Harry Booth was much closer to his Grandfather, Harry Stone, than he was to his own parents. He delighted in the retired Captain Harry Stone’s stories of his sea adventures in the great days of sail and relates them here for us in the same deliberate way that he was told them over ninety years ago ‘So that they lose nothing in the telling, boy’
Harry Stone was born in 1859 at Canewdon on the River Crouch to a barge owning/sailing family, he was at sea with his Father at eleven and at eighteen was Captain in charge of Richard Horlock’s barge Thomas and Caroline. Later he skippered the barges May, Hawthorne, Unity, Garcon, The Ida and finally owning the boomie barge Genesta for his last 25 years at sea. He also had shares in The Hetty and The Harold and prided himself that he ‘never lost a man or put a ship ashore’ in his lifetime as a Skipper. He had many old adage and saying to guide him and to which he adhered. One being ‘Tide and time wait for no man’ so when his crew failed to return on time he set sail from Sandwich to Harwich without them. Whilst a lot of his trade was in Malt out of Mistley and Snape he went wherever he could get a cargo around the coast, be it Scotland or Ireland, from Holland he even brought back bones, china clay from Cornwall, timber from the North to the rapidly expanding towns of Colchester and Southend for the building trade. He took sunken ship wrecked cargo ashore, laid shore ends of telegraph cables at Gravelines and Faro Islands and even delivered unknown cargo that he was not to ask questions about. He was full of old folklore like the importance of the Fair dates in the calendar, the weather and as people did then he lived by the old sayings so ‘don’t spare at the spigot’ ‘keep yer lamps trimmed’ and ‘never let the light go out on yer binnacle’. Harry Stone died in 1938 having been 60 years a working Skipper under sail.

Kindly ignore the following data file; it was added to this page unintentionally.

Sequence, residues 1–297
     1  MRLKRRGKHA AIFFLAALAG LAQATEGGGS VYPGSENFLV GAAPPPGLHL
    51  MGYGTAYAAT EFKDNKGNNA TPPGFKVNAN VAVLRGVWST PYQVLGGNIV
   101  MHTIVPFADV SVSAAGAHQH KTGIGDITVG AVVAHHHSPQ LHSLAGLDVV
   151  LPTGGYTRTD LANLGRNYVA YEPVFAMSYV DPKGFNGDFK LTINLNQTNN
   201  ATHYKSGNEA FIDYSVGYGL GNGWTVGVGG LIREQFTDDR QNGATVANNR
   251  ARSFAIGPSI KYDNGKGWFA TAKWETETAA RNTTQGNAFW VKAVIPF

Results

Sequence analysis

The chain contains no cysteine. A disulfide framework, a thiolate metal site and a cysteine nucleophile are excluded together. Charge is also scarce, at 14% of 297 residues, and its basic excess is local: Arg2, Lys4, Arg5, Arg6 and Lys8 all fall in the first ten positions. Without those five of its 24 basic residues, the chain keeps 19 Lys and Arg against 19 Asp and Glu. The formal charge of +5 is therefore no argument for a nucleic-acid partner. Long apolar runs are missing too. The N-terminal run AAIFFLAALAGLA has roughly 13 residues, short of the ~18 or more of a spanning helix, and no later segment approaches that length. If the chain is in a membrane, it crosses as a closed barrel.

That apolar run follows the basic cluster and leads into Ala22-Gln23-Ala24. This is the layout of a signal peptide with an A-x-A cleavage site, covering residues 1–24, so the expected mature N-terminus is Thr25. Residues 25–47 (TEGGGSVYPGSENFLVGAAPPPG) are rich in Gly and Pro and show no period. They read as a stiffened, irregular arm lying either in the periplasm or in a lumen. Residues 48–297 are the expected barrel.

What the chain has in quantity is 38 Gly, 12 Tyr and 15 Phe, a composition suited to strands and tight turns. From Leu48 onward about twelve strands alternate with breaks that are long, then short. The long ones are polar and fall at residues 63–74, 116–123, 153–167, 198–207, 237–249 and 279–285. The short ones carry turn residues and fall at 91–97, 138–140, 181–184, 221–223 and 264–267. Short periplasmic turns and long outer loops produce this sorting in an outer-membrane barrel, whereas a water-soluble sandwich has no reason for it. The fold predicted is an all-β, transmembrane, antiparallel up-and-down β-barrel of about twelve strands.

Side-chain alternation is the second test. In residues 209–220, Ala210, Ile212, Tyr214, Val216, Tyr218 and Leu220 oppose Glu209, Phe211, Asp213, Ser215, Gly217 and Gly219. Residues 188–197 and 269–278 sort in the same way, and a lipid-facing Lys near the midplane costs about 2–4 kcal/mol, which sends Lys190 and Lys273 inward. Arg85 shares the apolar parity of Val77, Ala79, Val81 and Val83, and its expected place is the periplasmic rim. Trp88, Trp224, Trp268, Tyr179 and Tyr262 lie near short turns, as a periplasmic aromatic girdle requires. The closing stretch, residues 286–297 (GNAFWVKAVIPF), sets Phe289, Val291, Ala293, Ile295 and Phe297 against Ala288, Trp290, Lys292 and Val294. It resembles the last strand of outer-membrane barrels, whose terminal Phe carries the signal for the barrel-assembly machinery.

Time: 63 Minutes Produced: January 2009
Product Code: NLDVD58